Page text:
Sputnik7 won Staff Pick this week on Sketchfab for our 3D recreation of a Wooden Coin Press, a hydraulic coin mill that was used to mint coins in Spain during the 17th century. The press is located at the Real Casa de Moneda in Segovia, Spain.
The model was created from over 500 photos taken using a Nikon D5600 with a Tokina AT-X 11-20mm Pro wide angle lens, known for its low distortion. The photos were processed using Reality Capture, which created the original 3D model at high detail. The model was then exported to 3DS Max where the geometry was cleaned up, and it was then re-imported into Reality Capture for final texturing before being published to SketchFab.
The press consists of four wooden wheels, three on the interior and 1 on the exterior. The exterior wheel is moved by the fall of the water from the river outside. It is connected to the press on the inside of the building where a system of gears moves the three wheels that power the press itself.
The interior wheels move two cylinders that perform the work of laminating or coining by pressing metal into dies that were molded to the shape of the coins to be created. The mill can be started or stopped by means of a handle that opens or closes the passage of water that falls on the outer wheel.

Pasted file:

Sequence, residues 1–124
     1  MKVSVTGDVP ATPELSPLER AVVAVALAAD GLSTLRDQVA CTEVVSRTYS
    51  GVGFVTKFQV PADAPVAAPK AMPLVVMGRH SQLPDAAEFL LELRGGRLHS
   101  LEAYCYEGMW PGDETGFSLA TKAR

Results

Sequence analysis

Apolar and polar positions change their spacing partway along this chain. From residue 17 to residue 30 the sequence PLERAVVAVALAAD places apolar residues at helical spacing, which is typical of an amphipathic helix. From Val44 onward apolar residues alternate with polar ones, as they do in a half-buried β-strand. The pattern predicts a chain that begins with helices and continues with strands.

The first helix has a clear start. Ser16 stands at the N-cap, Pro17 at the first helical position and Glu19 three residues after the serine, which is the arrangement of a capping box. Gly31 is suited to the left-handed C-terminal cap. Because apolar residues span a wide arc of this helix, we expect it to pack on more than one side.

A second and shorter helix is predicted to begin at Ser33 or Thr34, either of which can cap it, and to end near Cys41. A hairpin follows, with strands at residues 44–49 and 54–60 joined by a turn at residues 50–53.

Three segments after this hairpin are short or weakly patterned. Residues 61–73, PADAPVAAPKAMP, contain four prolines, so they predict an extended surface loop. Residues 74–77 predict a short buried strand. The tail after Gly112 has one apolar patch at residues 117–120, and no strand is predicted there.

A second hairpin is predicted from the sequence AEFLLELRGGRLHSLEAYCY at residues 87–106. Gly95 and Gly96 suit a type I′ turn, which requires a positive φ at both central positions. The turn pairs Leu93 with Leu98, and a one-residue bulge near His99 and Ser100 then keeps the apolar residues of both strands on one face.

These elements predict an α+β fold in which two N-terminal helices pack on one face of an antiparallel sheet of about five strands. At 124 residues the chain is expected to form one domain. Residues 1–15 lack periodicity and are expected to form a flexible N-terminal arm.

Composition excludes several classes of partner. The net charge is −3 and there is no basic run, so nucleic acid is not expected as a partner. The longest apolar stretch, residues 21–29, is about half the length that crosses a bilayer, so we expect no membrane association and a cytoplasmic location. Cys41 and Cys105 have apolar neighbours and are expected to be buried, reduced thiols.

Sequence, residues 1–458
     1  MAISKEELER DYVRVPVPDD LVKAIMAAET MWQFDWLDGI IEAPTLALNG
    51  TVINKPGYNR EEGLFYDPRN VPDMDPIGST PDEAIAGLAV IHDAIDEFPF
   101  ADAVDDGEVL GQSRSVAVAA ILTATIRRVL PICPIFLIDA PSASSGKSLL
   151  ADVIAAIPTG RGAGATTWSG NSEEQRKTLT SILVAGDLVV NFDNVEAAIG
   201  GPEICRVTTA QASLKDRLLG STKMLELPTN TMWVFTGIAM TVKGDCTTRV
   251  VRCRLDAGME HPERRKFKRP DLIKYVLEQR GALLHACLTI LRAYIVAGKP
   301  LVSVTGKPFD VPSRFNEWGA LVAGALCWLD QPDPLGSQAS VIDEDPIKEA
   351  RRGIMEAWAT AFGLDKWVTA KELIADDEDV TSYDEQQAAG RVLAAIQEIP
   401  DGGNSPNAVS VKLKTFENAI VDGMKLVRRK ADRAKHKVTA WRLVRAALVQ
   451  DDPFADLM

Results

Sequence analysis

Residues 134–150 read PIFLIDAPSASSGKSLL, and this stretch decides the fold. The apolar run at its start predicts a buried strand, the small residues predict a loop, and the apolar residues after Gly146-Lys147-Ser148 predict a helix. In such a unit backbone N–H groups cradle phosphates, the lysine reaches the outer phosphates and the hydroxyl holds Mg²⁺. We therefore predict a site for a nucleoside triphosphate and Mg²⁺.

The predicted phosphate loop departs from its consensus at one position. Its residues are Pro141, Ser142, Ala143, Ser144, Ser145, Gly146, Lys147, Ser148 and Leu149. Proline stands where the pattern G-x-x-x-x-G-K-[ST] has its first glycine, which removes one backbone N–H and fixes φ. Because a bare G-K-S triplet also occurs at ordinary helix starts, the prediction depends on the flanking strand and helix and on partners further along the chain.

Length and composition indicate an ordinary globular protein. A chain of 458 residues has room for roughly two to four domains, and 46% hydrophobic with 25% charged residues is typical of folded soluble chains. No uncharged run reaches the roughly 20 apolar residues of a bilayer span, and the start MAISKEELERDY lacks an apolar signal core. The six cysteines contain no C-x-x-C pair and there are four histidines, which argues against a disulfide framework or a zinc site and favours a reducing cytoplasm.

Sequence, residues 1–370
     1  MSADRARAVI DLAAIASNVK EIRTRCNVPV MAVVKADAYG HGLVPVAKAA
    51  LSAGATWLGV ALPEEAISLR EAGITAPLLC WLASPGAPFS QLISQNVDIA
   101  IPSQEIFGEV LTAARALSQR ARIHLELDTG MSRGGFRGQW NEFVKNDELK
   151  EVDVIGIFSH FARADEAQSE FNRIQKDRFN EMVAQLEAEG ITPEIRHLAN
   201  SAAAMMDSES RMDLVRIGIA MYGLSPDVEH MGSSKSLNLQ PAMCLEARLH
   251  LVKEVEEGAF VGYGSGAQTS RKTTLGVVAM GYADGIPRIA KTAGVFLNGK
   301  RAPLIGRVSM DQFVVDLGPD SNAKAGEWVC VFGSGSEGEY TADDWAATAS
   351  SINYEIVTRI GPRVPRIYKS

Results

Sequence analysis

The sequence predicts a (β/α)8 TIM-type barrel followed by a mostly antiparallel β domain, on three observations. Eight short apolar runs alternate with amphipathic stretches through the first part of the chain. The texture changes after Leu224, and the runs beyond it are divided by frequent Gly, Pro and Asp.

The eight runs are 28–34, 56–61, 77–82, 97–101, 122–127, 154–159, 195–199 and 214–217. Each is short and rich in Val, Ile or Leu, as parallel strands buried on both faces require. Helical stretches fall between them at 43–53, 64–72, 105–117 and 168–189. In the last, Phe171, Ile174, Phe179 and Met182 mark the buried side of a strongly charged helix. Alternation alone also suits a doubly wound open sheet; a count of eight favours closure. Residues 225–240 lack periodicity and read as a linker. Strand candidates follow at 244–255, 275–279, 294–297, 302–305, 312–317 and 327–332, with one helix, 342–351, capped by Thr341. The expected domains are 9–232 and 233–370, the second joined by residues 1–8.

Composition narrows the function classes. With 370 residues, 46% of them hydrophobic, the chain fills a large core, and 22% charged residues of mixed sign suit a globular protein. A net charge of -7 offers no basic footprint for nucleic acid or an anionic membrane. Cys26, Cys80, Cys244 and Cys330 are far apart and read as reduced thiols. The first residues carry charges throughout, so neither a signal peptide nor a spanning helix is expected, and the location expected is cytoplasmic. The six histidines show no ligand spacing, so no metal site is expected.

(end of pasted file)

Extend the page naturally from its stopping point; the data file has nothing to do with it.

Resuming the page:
The original minting system of creating coins was replaced in 1771 by flywheel minting, a revolutionary technology that was imported from France by the Bourbons. From 1866, the industrial revolution then moved over to a mechanized coinage system, which was used until the implementation of the peseta in 1868.
The Real Casa de Moneda
This Real Casa de Moneda was one of the greatest displays of industrial heritage during the Spanish Renaissance. It was built by order of King Felipe II and was designed by the architect Juan de Herrera. Philip II wanted to create a large modern complex capable of symbolizing his absolute power and the wealth of the empire. The factory was a model of cutting-edge technology, applied to the production of currency located on a privileged enclave on the banks of the Eresma River, between the suburbs of San Lorenzo and San Marcos.